Advisory Information
advisory.pdf42.82 KB
Issued Date

This advisory warns U.S. financial institutions that the U.S. Department of the Treasury has concerns that the Democratic People’s Republic of Korea (“North Korea”), acting through government agencies and associated front companies, is engaged in illicit activities and may be seeking banking services elsewhere following the finding of Banco Delta Asia SARL to be a financial institution of “primary money laundering concern” pursuant to Section 311 of the USA PATRIOT Act. Accordingly, U.S. financial institutions should take reasonable steps to guard against the abuse of their financial services by North Korea, which may be seeking to establish new or exploit existing account relationships for the purpose of conducting illicit activities. This advisory is consistent with the U.S. Department of the Treasury’s efforts to ensure that U.S. financial institutions are not used as a conduit for the laundering of proceeds from such illicit activities as currency counterfeiting, narcotics trafficking, counterfeit cigarette smuggling, and the financing of and involvement in weapons of mass destruction and missile proliferation. We encourage financial institutions worldwide to take similar precautions.

The Department of the Treasury is actively monitoring this situation and will take any further action as appropriate. We will provide updated information to the financial industry as warranted. Financial institutions with questions about this advisory may contact the Financial Crimes Enforcement Network’s regulatory helpline at 1-800-949-2732.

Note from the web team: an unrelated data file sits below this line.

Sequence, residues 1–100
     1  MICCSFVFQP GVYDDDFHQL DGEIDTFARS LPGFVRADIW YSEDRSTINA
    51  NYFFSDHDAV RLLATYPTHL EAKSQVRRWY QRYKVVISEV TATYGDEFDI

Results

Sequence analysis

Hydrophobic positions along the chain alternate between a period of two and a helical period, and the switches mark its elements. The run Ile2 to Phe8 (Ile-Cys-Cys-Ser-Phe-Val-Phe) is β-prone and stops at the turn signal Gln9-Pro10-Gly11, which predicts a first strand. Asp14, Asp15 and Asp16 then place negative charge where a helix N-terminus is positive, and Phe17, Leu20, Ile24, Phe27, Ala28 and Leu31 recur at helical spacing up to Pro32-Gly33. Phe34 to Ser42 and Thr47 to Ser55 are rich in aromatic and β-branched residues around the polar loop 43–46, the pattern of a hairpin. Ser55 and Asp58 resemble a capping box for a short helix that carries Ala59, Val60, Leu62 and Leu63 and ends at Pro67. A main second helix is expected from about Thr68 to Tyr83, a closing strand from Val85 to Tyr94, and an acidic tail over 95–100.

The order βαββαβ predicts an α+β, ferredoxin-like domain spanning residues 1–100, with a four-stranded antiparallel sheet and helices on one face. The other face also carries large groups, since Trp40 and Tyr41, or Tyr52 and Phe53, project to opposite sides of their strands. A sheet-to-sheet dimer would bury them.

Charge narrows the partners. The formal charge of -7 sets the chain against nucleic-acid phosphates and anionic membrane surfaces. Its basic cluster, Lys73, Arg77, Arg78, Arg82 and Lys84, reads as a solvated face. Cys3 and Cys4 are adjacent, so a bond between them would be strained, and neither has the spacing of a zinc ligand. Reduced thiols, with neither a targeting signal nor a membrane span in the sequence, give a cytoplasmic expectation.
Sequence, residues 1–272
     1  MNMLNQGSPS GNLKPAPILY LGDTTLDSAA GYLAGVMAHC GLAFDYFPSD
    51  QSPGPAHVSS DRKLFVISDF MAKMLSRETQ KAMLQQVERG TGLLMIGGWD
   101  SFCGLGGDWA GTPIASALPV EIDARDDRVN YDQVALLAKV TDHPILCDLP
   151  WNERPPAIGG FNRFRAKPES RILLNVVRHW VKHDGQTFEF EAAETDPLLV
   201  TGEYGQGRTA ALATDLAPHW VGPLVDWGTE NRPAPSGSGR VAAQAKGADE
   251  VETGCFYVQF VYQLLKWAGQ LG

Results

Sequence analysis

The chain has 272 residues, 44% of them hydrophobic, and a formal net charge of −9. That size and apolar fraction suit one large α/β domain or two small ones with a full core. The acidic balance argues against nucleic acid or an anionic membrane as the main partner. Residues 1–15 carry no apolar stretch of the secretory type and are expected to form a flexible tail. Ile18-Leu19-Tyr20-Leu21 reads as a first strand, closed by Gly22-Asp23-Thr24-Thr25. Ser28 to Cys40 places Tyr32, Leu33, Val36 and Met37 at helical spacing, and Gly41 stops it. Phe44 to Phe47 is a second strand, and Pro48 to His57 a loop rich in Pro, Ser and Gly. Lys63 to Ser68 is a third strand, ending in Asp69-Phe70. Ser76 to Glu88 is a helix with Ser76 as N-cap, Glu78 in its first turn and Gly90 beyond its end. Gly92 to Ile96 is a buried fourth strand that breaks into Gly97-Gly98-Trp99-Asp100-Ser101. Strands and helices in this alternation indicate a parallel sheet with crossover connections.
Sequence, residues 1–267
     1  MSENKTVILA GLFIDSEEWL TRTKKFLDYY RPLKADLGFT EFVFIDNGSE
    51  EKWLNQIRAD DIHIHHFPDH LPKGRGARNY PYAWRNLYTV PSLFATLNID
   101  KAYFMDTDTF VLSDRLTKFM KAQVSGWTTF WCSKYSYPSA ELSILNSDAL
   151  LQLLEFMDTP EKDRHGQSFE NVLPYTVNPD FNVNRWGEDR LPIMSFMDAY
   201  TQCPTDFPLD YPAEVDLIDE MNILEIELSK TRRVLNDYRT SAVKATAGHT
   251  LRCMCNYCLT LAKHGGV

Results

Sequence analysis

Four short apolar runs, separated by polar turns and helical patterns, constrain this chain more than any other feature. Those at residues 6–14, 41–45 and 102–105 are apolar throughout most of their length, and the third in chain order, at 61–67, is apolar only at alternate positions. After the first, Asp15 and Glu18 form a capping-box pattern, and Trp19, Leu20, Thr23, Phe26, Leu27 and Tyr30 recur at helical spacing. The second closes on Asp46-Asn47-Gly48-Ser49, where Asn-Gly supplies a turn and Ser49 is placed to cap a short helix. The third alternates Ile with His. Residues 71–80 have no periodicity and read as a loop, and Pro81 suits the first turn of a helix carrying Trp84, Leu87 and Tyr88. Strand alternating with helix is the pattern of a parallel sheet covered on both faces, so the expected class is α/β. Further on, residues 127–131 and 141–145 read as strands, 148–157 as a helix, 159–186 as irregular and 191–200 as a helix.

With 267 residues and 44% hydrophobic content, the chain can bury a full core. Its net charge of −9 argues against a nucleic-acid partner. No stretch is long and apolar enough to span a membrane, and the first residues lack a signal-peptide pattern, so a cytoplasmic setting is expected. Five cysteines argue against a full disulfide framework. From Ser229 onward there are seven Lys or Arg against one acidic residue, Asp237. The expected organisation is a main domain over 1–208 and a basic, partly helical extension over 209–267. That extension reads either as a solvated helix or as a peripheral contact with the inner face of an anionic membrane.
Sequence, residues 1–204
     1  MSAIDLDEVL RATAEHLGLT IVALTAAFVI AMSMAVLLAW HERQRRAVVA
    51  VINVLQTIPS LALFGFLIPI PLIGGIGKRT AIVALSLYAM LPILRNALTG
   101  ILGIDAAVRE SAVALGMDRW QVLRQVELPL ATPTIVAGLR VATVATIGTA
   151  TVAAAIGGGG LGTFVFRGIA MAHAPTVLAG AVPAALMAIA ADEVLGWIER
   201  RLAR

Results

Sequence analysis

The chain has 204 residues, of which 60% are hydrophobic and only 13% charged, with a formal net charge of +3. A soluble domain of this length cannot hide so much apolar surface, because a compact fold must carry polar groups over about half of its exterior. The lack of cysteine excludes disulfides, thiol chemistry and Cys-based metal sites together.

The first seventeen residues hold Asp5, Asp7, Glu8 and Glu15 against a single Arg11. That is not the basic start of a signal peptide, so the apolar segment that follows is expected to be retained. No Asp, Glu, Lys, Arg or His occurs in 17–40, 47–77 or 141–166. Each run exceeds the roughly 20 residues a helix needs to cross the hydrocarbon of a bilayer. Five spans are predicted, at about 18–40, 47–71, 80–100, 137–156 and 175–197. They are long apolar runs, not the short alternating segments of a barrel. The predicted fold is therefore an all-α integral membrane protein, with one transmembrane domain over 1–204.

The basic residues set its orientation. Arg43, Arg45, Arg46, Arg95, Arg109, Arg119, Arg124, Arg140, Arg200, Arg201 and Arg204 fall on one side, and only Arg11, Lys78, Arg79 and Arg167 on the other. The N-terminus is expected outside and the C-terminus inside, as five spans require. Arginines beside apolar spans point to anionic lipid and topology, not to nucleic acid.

Section 311 of the USA PATRIOT Act added Section 5318A to the Bank Secrecy Act, authorizing the Secretary of the Treasury to find a foreign financial institution, jurisdiction, class of transactions or type of account to be of “primary money laundering concern.” Upon such finding and following a rulemaking process, the Secretary is authorized to take additional steps to further protect the U.S. financial system by requiring U.S. financial institutions to take certain “special measures” with respect to the specified entity. Such “special measures” can include requiring U.S. financial institutionsto terminate all correspondent account relationships with the specified entity. In addition to protecting the U.S. financial system, Section 311 findings serve as a notice to the global financial community that a particular institution presents a serious money laundering and illicit financing risk.

As published in the Federal Register on September 20, 2005, we found Banco Delta Asia SARL (“Banco Delta Asia”), which is headquartered in the Macau Special Administrative Region of China, to be a financial institution of “primary money laundering concern.” As stated in this Federal Register notice, Banco Delta Asia has provided financial services for over 20 years to North Korean government agencies and associated front companies that are known to have engaged in illicit activities. North Korean entities are known to have engaged in currency counterfeiting, narcotics trafficking, the production and dissemination of counterfeit cigarettes, and the laundering of related proceeds, as well as weapons of mass destruction and missile proliferation. Investigations have also revealed that, among other things, Banco Delta Asia has service a multi-million dollar account on behalf of a known international drug trafficker. This finding and the accompanying proposal to prohibit U.S. financial institutions from maintaining correspondent accounts for or on behalf of Banco Delta Asia are aimed at protecting the U.S. financial system from ongoing illicit activity facilitated by Banco Delta Asia.